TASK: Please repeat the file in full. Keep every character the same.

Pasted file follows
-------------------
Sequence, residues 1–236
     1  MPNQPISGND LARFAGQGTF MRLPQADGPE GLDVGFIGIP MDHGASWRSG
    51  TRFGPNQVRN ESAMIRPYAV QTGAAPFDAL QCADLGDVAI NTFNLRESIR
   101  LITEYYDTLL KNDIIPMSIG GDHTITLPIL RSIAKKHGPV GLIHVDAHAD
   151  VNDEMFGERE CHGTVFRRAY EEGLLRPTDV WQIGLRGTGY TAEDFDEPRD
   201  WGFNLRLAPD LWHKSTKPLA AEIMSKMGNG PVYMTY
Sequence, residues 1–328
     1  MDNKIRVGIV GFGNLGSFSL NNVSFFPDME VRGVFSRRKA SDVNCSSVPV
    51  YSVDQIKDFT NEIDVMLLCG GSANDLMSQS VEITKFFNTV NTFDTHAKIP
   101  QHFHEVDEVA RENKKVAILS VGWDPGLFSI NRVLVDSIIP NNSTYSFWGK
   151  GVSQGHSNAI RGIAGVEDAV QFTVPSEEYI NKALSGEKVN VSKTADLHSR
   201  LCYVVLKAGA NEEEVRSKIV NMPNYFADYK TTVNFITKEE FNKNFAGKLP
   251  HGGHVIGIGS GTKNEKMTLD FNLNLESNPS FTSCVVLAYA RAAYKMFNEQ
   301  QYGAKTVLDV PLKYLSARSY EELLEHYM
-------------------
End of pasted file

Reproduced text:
Sequence, residues 1–236
     1  MPNQPISGND LARFAGQGTF MRLPQADGPE GLDVGFIGIP MDHGASWRSG
    51  TRFGPNQVRN ESAMIRPYAV QTGAAPFDAL QCADLGDVAI NTFNLRESIR
   101  LITEYYDTLL KNDIIPMSIG GDHTITLPIL RSIAKKHGPV GLIHVDAHAD
   151  VNDEMFGERE CHGTVFRRAY EEGLLRPTDV WQIGLRGTGY TAEDFDEPRD
   201  WGFNLRLAPD LWHKSTKPLA AEIMSKMGNG PVYMTY
Sequence, residues 1–328
     1  MDNKIRVGIV GFGNLGSFSL NNVSFFPDME VRGVFSRRKA SDVNCSSVPV
    51  YSVDQIKDFT NEIDVMLLCG GSANDLMSQS VEITKFFNTV NTFDTHAKIP
   101  QHFHEVDEVA RENKKVAILS VGWDPGLFSI NRVLVDSIIP NNSTYSFWGK
   151  GVSQGHSNAI RGIAGVEDAV QFTVPSEEYI NKALSGEKVN VSKTADLHSR
   201  LCYVVLKAGA NEEEVRSKIV NMPNYFADYK TTVNFITKEE FNKNFAGKLP
   251  HGGHVIGIGS GTKNEKMTLD FNLNLESNPS FTSCVVLAYA RAAYKMFNEQ
   301  QYGAKTVLDV PLKYLSARSY EELLEHYM